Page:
True enough. The most anxious and stressful times for me has been the waiting for something to start – the dentists, the job interview, waiting by the first tee. Once the event kicks off the stress diminishes a great deal.

“The trick”, he continued, “is to live in the here and now” (he was a bit of an old hippie), but very true. If you concentrate on what you’re doing before a stressful event – eating, preparing, practising, and try to concentrate fully on that you’ll save yourself a fair amount of stress.

So I’m taking the lessons. I’m staying in the ‘here and now’ and things are starting to improve. Not as quickly as I’d like, of course and I do feel that I’m living most of my life in the discomfort zone but… in a perverse way I’m starting to enjoy it.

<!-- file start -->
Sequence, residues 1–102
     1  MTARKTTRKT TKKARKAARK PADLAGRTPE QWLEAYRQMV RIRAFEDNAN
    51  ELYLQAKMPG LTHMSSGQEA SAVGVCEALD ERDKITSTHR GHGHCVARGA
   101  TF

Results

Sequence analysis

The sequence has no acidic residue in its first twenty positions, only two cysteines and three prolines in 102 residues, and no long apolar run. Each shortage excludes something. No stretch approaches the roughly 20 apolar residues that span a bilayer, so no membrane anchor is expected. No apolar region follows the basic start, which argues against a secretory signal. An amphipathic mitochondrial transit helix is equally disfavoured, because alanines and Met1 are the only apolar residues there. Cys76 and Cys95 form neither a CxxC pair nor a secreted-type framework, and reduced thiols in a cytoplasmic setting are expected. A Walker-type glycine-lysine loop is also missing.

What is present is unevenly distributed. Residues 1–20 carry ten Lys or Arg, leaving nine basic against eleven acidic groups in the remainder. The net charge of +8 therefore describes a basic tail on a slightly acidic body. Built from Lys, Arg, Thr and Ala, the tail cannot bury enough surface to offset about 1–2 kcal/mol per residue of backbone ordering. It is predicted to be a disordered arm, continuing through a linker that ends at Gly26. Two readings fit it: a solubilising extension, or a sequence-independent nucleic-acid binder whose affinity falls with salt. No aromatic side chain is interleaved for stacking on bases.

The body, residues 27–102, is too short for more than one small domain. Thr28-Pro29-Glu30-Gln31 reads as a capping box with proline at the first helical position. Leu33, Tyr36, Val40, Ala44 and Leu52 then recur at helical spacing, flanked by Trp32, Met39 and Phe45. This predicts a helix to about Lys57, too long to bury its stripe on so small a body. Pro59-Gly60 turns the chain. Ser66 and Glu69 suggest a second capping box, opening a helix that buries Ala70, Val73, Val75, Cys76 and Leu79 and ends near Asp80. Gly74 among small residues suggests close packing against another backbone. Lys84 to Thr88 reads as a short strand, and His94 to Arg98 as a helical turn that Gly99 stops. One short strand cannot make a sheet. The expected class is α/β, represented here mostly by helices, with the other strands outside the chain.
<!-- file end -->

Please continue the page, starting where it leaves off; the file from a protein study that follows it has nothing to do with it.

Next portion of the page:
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Golf Philosophy : Lesson 1. Looking Good or Getting the Job Done ?

lookingnotgood

Lesson 1. Looking Good or Getting the Job Done ?

There’s a concept I’ve recently come across in the training room that helps to explain a fair amount of my inability to break 80 with any regularity (I’m currently playing off 18). I learnt this pearl of wisdom attending on a training course run by a psychologist. He was talking to us (a group of trainers, consultants, personnel folk) about management, and more specifically the relationship managers have with staff, customers, etc… In his words (and Freud’s) “It’s all about relationships”. He discussed how the quality of the relationship you have with a client is a measure of the effectiveness with which you do business with them. Which is interesting enough. The particularly relevant aspect to this for me (and my consistency in golf – remember the golf) was the question he asked us about our relationship with our clients;